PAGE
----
Wednesday, Nov. 16 — In addition to his recognizable gruff,
yet shrieking voice, Bobcat Goldthwait is also known for his dark comedy that
shines through in his stand-up routines as well as the films he’s written and
directed over the past 25 years. While some may remember him from the “Police
Academy” series and his own edgy flicks like “Shakes the Clown,” today the
49-year old comedian keeps busy touring comedy clubs and producing
After all these years and success in
film, why continue stand-up?
I say it’s a joke, but it’s actually true: it’s the thing that keeps me off
reality television. If I do stand-up I am able to make these small movies and
make them on my own terms. Fortunately, the last three movies I’ve made I
really didn’t have to go through the normal process where you have to listen to
executives. So as long as I continue to make movies that are outside of the
mainstream I’ll probably have to do stand-up to pay my bills.
Critics describe your
comedy as dark, do you agree?
I think my comedy started from a very dark place and then as I sold out, I kind
of watered down what I was doing. (He laughs.) But I guess my material has
always been a little dark. Unfortunately, that’s what interests me when I’m making
a movie or writing stuff: making people feel awkward. It isn’t very lucrative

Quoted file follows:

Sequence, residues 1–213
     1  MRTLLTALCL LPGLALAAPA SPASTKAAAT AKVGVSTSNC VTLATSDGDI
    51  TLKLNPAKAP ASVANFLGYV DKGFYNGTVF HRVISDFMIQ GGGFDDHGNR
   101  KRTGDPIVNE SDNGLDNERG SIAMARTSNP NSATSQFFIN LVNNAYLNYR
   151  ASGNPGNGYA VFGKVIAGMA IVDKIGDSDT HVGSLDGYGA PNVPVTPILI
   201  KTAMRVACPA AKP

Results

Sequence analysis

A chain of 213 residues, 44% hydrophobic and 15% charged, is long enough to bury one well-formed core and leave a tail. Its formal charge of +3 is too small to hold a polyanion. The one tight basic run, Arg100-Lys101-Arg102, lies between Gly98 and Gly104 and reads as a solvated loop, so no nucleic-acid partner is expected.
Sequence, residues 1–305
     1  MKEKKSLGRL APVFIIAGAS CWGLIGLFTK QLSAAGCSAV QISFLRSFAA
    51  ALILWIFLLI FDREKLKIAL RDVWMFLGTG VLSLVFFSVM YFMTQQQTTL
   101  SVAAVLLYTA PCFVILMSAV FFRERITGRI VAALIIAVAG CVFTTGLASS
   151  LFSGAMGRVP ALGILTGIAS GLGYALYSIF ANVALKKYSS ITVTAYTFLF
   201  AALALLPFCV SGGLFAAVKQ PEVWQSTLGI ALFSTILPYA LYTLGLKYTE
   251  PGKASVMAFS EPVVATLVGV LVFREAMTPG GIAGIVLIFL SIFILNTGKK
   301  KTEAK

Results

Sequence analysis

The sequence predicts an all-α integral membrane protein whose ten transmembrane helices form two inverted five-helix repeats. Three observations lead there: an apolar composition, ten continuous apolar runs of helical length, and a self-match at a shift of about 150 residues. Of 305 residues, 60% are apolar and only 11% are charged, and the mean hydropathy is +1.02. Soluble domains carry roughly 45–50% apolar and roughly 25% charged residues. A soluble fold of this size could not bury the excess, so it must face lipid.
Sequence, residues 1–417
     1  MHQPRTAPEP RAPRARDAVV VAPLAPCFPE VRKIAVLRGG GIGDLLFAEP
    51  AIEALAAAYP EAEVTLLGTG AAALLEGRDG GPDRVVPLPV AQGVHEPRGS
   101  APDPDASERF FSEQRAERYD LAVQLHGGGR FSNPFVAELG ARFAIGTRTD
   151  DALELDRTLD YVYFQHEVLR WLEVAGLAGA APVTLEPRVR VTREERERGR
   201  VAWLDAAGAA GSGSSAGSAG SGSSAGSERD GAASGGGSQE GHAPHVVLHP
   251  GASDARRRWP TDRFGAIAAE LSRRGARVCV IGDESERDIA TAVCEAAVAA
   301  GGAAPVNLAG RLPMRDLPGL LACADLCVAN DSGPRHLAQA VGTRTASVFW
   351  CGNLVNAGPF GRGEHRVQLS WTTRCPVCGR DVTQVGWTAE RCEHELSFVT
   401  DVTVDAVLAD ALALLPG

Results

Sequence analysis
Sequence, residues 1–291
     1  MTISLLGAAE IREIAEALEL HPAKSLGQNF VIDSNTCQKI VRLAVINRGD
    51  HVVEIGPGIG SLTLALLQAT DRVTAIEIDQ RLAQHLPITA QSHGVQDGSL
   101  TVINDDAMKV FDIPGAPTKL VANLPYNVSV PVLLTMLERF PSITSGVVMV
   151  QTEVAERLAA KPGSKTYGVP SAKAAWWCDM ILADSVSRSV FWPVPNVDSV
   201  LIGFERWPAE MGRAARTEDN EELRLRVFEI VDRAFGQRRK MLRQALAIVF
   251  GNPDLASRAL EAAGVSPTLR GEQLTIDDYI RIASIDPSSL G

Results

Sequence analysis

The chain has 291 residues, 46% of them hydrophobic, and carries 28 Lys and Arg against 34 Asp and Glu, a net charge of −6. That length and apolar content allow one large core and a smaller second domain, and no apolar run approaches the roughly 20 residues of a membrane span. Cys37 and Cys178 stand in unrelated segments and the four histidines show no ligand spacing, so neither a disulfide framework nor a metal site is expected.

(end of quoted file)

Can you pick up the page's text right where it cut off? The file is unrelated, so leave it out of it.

but it’s much more rewarding.
You wrote and directed the dark comedy “God
Bless America,” which is set for a June 2012 release – what’s it about?
The protagonist, instead of committing suicide, goes out and shoots and kills a
girl on the show “My Super Sweet 16.” But it’s not just about reality stars and
people from pop culture. The protagonist just kills people that aren’t nice, aren’t
polite or are just self-absorbed. At one point they shoot and kill a couple
kids that are texting during a movie. But people get confused and think the
message is that I hate all this stuff. But the real message is — and it sounds
kind of trite — I’m just asking people and myself to be kinder to each other.
How was it working with Robin Williams
on your 2009 film “World’s Greatest Dad?”
Robin’s been one of my best friends since I was a young man. We’ve known each
other for 30 years. I will say, the day before we started shooting I was
thinking, ‘Is he going to listen to me?’ Am I going to start directing him and
he’s going to say, “Oh really, show me how you did it on ‘Hot to Trot.’’’ Or,
he’ll say, “I won an Oscar and you were in ‘Police Academy.’’’ But that’s not
what happened at all. I give him so much credit because he certainly doesn’t
need to be in my weird, dark movie. I love working with him. I wrote another
picture for him and me to do together; hopefully, someday we’ll do that.
Are hecklers the worst
part of being a stand-up comedian?
It’s not the heckling. It’s the situations where the crowd is so drunk and
rowdy and your job is to make them laugh. You can’t cheer up somebody who’s
completely hammered. That part becomes a drag. That is
the difference between making a movie and being a nightclub comedian. When
you’re a nightclub comedian you have to keep the dumbest person in the room
occupied the whole time.
8 p.m. and 10:30 p.m. Friday, Nov.18 and Saturday, Nov.19
Connxtions Comedy Club
2900 N. East Street, Lansing
( 517) 374-HAHA